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Social enterprise and risk capital

4:54:00 PM

Can a social enterprise be successful and attract investors?


On the 6th of September at the New World Street Festival, Tallinn Helpific* tour within the framework of a discussion group, brought together employers, entrepreneurs, investors and non-governmental organizations to work together and find answers to the questions of whether social enterprises can be successful? And under what conditions it is possible to combine third sector with the private sector and attract investors and venture capital.
Beginning with mapping the definition of social enterprise and the way it differs from traditional enterprises. Estonian Network of Social Enterprises (hereinafter SEV) chairman Jaan Aps suggested that social enterprise has set a legal goal of making something better in society, and has a sustainable business model for profit. Estonian Business School (hereinafter EBS) docent Mari Kooskora agreed with him, in the words: "The most important thing in social entrepreneurship is to solve social problems and make the social pain points to business - and so it is quite useful for the society, and other businesses."
Chris Holtby, UK Ambassador to Estonia, participated in the discussion and shared the experience of the United Kingdom, stating that in the last 10-15 years, a group of people has been able to develop social enterprises to sustainable businesses, but it is not enough. "The government can help, for example, by reducing the tax burden, and we hope that the Estonian government will do the same here, amending the way in which public contracts are made. It creates social values, and the company can more easily get contracts, even though it might not be just the cheapest bid, " said Holtby. He added that in distincting companies should avoid discrimination against usual companies and properly express itself - the benefits to society a social enterprise offers, is better than a small amount of income.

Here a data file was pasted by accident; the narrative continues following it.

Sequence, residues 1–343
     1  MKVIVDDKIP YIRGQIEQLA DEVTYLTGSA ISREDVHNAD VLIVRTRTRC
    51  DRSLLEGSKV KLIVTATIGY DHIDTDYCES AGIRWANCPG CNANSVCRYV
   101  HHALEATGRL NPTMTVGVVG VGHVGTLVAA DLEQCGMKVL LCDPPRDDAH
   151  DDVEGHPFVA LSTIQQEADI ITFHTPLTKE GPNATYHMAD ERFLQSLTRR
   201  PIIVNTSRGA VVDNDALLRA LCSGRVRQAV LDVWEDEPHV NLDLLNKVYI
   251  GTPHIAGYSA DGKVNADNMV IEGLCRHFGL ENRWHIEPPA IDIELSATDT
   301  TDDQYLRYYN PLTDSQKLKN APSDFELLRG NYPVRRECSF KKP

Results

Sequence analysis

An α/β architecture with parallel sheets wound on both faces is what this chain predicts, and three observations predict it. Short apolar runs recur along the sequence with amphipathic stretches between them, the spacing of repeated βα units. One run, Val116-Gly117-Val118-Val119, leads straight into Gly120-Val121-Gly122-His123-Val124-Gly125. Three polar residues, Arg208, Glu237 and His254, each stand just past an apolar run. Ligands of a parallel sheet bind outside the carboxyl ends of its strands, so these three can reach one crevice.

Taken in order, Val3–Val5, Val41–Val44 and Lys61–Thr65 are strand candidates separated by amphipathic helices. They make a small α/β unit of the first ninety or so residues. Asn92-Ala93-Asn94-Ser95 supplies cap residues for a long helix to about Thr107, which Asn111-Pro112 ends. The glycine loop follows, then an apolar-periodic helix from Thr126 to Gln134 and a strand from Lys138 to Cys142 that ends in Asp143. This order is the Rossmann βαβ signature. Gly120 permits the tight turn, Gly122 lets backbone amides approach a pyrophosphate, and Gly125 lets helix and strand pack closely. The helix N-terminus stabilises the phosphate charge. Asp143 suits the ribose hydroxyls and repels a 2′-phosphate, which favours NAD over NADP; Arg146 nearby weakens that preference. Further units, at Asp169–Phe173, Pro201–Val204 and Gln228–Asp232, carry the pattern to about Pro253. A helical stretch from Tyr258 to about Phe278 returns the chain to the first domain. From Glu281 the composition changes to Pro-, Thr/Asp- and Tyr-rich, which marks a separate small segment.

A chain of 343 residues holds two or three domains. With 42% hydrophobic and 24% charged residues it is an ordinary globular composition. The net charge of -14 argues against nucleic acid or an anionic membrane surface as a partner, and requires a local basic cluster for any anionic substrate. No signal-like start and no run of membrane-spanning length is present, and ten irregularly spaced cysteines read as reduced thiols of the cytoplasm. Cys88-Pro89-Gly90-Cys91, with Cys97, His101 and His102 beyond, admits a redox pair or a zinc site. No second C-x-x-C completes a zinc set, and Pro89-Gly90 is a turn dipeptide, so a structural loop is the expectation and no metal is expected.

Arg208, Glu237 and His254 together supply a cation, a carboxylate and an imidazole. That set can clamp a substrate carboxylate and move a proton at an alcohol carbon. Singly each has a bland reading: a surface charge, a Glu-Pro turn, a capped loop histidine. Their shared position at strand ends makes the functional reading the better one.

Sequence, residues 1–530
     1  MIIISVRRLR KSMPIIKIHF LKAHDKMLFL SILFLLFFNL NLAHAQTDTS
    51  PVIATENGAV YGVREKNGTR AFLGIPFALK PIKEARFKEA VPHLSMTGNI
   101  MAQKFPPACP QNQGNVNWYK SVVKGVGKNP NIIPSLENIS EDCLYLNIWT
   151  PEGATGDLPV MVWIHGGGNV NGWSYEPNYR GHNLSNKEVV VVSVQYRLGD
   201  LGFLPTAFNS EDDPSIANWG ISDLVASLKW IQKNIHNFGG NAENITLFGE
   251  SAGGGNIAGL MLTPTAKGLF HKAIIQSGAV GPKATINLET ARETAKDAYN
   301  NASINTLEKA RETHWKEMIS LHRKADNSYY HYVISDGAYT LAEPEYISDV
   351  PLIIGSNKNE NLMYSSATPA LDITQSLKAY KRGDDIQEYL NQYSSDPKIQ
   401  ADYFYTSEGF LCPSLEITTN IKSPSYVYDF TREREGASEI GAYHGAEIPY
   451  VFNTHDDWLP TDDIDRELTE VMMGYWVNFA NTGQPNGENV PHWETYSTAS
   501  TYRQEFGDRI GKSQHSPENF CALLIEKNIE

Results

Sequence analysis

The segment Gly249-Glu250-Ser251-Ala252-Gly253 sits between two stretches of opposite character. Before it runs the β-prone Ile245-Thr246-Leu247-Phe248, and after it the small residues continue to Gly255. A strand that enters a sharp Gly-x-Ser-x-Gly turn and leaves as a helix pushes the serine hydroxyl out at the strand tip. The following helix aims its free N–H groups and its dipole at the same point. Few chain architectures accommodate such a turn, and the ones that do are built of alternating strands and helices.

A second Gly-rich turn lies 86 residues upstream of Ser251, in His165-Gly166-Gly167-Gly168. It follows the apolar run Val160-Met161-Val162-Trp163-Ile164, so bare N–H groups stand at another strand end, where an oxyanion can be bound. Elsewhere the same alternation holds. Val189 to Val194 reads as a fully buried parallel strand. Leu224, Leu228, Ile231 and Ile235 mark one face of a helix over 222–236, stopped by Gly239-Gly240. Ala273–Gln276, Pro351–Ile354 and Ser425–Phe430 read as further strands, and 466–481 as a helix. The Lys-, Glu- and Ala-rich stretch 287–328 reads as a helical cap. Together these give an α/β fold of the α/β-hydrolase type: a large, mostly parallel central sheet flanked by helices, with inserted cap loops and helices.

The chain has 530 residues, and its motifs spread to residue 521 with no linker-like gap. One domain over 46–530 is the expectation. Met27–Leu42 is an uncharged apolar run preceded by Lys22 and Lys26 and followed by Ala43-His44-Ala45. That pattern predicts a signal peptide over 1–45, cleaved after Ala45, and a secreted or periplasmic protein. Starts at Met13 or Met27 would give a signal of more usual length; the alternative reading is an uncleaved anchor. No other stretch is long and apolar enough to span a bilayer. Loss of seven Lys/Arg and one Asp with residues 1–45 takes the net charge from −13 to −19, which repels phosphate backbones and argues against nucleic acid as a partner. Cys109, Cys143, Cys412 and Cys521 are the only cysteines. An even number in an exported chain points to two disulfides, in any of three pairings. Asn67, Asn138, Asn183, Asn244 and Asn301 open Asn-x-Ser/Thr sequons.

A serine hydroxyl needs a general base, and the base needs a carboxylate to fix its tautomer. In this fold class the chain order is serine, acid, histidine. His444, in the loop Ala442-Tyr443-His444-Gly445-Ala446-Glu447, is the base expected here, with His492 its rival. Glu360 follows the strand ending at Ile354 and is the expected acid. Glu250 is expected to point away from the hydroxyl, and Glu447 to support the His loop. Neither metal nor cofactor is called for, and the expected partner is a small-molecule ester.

The benefits to society a social enterprise offers, is better than a small amount of income.
Social policy lecturer at Tallinn University and Helpific co-founder Zsolt Bugarszki stated that discrimination against social entrepreneurship is caused by low income: "It seems to me that here in Estonia the term social has negative connotation. There are social enterprises and so-called ordinary businesses and a social enterprise is like a second hand business. " On a long run maybe it would be better not to make any difference between enterprises and social enterprises.  He added that he likes the aim of social enterprises - to help those who are vulnerable, and at the same time you can change the values and taxpayer-funded welfare solutions to something more sustainable.
Then they proceeded discussing the question whether NGOs could be successful startups and whether it is possible to combine the third sector and the private sector and attract investors and venture capital. Ott Pärna from Estonian Investment Corporation said that we need to solve the sustainability problem of the social entreprises. "As a development economist, I see that non-profit organizations that are principally engaged in charity work, are completely different-minded than capitalists. How to connect two different characters? This could be done in such a way that they both surround the social problem, and solve the company’s sustainability, " said Pärna.